Joseph William Perry

Thoughts on John Donne's Writings

The writings of John Donne appeal to me most strongly through my emotions. Although he was very strong intellectually he had a way of communicating that transcends reason, going straight to the heart. In this "Holy Sonnet" he opens his spiritual struggle to us, revealing the war in his soul. He carries us with him in this psalm-like prayer as he escalates the symbolic intensity, culminating in a last couplet as memorable as it is paradoxical.
Batter my heart, three-person'd God, for you
As yet but knock, breathe, shine, and seek to mend;
That I may rise and stand, o'erthrow me, and bend
Your force to break, blow, burn, and make me new.
I, like an usurp'd town to'another due,
Labor to'admit you, but oh, to no end;
Reason, your viceroy in me, me should defend,
But is captiv'd, and proves weak or untrue.
Yet dearly I love you, and would be lov'd fain,
But am betroth'd unto your enemy;
Divorce me, untie or break that knot again,
Take me to you, imprison me, for I,
Except you'enthrall me, never shall be free,
Nor ever chaste, except you ravish me.

John Donne, 1633.

Donne's most widely known passage is this meditation upon the sickness and/or the death of a neighbor. I resorted to it for inspiration and exhortation on the Friday following the attack on the World Trade Center. As I watched the memorial service being broadcast from the National Cathedral in Washington the tolling of the bells brought it into my heart.
No man is an island, entire of itself; every man is a piece of the continent, a part of the main. If a clod be washed away by the sea, Europe is the less, as well as if a promontory were, as well as if a manor of thy friend's or of thine own were: any man's death diminishes me, because I am involved in mankind, and therefore never send to know for whom the bells tolls; it tolls for thee. Neither can we call this a begging of misery, or a borrowing of misery, as though we were not miserable enough of ourselves, but must fetch in more from the next house, in taking upon us the misery of our neighbours. Truly it were an excusable covetousness if we did, for affliction is a treasure, and scarce any man hath enough of it. No man hath affliction enough that is not matured and ripened by and made fit for God by that affliction. If a man carry treasure in bullion, or in a wedge of gold, and have none coined into current money, his treasure will not defray him as he travels. Tribulation is treasure in the nature of it, but it is not current money in the use of it, except we get nearer and nearer our home, heaven, by it. Another man may be sick too, and sick to death, and this affliction may lie in his bowels, as gold in a mine, and be of no use to him; but this bell, that tells me of his affliction, digs out and applies that gold to me: if by this consideration of another's danger I take mine own into contemplation, and so secure myself, by making my recourse to my God, who is our only security.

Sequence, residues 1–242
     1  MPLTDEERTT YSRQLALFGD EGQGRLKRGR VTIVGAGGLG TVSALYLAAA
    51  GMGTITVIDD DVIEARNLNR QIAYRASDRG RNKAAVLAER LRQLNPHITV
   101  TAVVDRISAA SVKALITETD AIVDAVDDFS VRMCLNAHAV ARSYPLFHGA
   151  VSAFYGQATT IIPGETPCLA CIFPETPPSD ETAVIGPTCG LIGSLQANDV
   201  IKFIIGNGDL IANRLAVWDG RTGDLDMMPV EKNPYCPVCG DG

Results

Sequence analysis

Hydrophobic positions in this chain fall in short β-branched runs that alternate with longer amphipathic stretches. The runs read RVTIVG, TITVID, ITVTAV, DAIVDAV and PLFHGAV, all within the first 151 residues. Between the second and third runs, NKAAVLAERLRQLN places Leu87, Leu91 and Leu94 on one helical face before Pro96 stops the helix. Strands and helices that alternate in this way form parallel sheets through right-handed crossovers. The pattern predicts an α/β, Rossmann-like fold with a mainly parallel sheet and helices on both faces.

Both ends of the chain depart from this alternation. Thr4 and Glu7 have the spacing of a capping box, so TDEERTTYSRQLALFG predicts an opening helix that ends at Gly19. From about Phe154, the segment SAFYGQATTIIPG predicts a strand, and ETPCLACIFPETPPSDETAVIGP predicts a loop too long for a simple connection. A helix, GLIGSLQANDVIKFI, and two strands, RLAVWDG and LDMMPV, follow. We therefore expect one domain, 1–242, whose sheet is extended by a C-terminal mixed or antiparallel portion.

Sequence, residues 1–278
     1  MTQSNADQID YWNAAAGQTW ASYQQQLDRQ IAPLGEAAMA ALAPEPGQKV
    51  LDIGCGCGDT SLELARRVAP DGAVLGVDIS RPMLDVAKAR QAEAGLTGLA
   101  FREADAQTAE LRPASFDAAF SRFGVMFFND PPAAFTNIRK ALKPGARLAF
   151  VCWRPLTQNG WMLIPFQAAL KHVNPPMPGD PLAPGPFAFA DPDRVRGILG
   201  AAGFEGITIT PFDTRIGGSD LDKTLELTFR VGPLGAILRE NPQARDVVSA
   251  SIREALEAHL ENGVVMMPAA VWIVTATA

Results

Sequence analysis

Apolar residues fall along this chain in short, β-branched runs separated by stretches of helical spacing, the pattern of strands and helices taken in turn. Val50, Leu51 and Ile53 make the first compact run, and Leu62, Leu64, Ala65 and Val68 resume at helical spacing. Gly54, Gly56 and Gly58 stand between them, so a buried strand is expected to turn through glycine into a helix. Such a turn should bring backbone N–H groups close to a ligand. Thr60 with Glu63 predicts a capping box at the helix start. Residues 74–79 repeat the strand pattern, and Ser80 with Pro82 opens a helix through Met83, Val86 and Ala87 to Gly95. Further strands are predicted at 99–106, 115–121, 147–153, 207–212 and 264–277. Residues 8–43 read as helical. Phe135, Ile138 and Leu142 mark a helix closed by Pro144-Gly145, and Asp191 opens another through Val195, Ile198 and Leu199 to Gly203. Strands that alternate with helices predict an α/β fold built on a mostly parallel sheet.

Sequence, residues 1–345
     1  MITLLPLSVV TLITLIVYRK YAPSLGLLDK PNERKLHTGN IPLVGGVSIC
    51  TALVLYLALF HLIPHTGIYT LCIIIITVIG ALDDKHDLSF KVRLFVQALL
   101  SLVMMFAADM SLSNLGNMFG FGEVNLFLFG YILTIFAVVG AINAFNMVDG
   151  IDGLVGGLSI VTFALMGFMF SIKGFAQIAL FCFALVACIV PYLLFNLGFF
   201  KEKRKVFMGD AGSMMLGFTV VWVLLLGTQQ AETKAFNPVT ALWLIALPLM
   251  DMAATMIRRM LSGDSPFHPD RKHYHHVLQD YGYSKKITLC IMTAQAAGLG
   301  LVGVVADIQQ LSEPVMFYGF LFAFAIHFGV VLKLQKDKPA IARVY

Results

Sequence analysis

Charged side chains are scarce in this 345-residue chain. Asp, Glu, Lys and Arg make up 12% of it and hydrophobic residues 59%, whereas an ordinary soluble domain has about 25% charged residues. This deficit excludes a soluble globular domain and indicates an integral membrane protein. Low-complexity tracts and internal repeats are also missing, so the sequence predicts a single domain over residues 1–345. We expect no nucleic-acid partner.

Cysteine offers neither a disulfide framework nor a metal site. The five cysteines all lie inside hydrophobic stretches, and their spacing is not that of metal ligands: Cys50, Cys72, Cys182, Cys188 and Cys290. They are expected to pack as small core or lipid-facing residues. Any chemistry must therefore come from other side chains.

From "Devotions Upon Emergent Occasions", Part XVII, Meditation.

The benediction from his sermon "Death's Duel" went like an arrow to my soul the first time I saw it. Because it came at the end of the last sermon he preached before his final sickness and death, it became the benediction of the message that was his very life. The admonitions contained in it may be graphic and repelling to the ears of some, but to me they invite the hearer to a spiritual reality that is beyond metaphor and simile, beyond intellect and emotion. John Donne invites us into the very Kingdom of God and not only that, he invites us to enter through the door: the Son of God, Jesus Christ crucified.
There we leave you in that blessed dependency, to hang upon him that hangs upon the cross, there bathe in his tears, there suck at his wounds, and lie down in peace in his grave, till he vouchsafe you a resurrection, and an ascension into that kingdom which He hath prepared for you with the inestimable price of his incorruptible blood. Amen.
Find more of John Donne's poetry and writings at:
Christian Classics Ethereal Library

Copyright © 2003 Joseph Perry, Greyfort Publishing

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